It seems that the signing of record-breaking multiple world champion Michael Schumacher by Mercedes Grand Prix for F1 2010 has not gone down quite as well in some quarters as in others, despite the general euphoria that the sport is to welcome back its most successful and crowned driver of all time.

The Daimler Works Council has already been critical of Mercedes' F1 decisions in the past, publicly questioning the Stuttgart manufacturer's increased involvement in the top flight at a time when employees are being laid off on the automotive side and cost-cutting is in full force in response to the ongoing global credit crunch.

When Mercedes purchased a majority stake in double 2009 world champions Brawn GP last month, council member Erich Klemm opined that 'in these economically difficult times, the company should invest in better marketing of its real cars' - and it would appear that the recruitment of Schumacher has elicited a similarly unimpressed reaction.

"For many colleagues, it is unimaginable," works council leader Uwe Werner told the Frankfurter Rundschau newspaper, adding that the seven-time F1 World Champion's reputed ?7 million annual salary is 'hard to justify to our people' when some of Mercedes' manufacturing plants and therefore jobs are being transferred overseas, prompting protests in Germany. "The staff would have understood better if Mercedes had withdrawn from the expensive F1 business altogether."

Indeed, the board's contention is that Mercedes should have followed the example of fellow car makers Honda, BMW and Toyota in departing the fray to focus on more environmentally-friendly and road car-relevant initiatives rather than continuing to throw millions at F1.

"Mercedes in particular is a company for which sportiness is not a selling-point but rather security and quality," automobile industry expert Ferdinand Dudenh?ffer of the University of Duisburg-Essen in western Germany told the Bayerische Rundfunk radio station. "Why should a driver decide to buy a Mercedes because of Formula 1? Every car will have to be sold for EUR200 to EUR300 more for Mercedes to finance Formula 1."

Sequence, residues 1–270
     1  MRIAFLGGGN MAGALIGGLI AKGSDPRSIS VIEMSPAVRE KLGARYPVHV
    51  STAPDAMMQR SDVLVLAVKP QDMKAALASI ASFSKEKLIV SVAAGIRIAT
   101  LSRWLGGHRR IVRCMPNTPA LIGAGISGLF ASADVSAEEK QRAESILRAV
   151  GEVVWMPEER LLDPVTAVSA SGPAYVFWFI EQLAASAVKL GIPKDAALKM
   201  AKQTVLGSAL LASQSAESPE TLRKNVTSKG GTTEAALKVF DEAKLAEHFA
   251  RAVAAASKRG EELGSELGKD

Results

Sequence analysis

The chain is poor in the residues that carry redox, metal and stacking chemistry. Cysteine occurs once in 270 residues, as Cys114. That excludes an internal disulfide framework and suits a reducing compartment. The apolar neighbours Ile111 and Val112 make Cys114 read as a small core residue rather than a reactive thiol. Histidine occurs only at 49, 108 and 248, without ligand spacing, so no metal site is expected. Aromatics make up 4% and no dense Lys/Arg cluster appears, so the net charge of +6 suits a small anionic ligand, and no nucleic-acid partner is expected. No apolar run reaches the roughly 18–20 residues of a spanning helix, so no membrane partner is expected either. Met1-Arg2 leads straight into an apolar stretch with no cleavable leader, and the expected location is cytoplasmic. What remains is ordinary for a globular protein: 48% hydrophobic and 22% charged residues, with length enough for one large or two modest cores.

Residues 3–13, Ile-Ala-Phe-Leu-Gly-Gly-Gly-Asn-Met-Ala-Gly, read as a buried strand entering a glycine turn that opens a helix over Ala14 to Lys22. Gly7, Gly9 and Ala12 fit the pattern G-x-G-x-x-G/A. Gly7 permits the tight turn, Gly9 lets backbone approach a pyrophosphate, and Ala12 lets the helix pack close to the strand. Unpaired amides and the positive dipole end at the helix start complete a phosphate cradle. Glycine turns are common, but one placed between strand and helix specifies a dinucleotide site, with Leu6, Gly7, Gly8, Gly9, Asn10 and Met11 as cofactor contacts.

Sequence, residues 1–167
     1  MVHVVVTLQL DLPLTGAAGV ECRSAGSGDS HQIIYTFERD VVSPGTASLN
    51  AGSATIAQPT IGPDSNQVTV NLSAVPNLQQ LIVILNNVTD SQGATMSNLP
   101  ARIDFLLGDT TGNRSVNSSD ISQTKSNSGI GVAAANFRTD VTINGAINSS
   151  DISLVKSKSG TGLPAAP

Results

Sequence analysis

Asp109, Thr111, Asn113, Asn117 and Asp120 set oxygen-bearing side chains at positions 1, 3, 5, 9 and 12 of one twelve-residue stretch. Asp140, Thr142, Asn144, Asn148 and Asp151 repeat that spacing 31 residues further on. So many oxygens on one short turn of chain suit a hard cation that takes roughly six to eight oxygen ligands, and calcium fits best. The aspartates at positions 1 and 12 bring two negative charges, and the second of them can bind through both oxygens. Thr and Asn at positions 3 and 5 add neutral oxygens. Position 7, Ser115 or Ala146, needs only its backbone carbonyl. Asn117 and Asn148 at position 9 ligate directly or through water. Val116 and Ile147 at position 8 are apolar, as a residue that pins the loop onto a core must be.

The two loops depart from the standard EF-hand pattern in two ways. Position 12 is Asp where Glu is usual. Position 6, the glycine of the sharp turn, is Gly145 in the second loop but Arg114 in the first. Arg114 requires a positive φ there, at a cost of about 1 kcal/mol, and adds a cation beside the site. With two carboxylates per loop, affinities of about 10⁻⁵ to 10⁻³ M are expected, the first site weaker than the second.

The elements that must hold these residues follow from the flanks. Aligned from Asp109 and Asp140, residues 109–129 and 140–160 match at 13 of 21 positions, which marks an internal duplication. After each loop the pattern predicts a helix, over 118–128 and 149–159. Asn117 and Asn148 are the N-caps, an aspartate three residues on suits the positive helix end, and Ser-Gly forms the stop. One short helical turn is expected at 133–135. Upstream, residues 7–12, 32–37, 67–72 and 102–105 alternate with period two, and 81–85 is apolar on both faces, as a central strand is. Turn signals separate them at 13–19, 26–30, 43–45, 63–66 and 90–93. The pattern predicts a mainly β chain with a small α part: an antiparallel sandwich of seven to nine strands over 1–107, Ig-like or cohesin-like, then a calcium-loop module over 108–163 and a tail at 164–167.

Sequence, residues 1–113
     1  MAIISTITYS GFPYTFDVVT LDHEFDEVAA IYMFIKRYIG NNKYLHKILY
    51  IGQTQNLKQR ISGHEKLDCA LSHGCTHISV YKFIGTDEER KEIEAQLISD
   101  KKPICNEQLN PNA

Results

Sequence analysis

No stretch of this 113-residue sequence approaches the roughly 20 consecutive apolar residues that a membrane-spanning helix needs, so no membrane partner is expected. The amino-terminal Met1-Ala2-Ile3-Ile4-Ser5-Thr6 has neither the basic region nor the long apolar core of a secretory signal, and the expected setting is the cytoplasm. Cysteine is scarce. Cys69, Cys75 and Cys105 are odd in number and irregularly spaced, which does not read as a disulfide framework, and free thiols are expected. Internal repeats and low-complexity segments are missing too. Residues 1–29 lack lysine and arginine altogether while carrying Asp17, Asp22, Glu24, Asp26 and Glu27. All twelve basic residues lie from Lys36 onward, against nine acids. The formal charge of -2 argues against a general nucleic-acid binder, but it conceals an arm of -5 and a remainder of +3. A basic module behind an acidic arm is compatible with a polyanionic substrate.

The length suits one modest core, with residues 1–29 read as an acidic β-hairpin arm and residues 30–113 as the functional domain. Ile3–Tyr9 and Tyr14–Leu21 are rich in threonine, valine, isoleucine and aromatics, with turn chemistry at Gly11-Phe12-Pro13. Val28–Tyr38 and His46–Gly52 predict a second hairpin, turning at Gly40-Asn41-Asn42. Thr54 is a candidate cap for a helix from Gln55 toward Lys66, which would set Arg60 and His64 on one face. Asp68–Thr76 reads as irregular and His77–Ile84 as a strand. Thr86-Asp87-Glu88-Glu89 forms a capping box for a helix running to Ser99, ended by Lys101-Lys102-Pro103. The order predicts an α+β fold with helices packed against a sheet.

However, Daimler chief executive Dieter Zetsche insists that 'it would be a missed opportunity' not to take advantage of the increased global possibilities in F1 now that there are only three manufacturers left - Mercedes, Ferrari and to a lesser degree Renault - with Asian and Middle Eastern markets in particular ripe to be tapped into. Moreover, Mercedes Benz Motorsport Vice-President Norbert Haug is convinced the partnership with Schumacher will be an investment for the future, and will do wonders for the company's worldwide image and consequently sales.

"The whole engagement will sell a lot of cars and make a lot of people aware of the quality of the [three-pointed] star," the 57-year-old told ZDF public television. "We believe we know how to invest our money."

Meanwhile, it has emerged that Schumacher has been forced to write an open letter of explanation to the millions of tifosi who are angry at his departure from Ferrari after 14 years together, with some going so far as to brand the 41-year-old a 'traitor'.

"I say [about Schumacher] the same as president [Luca di] Montezemolo - all the best," the Scuderia's spokesman Luca Colajanni told news agency ANSA. "From now on he is an opponent, and we try to beat our opponents."

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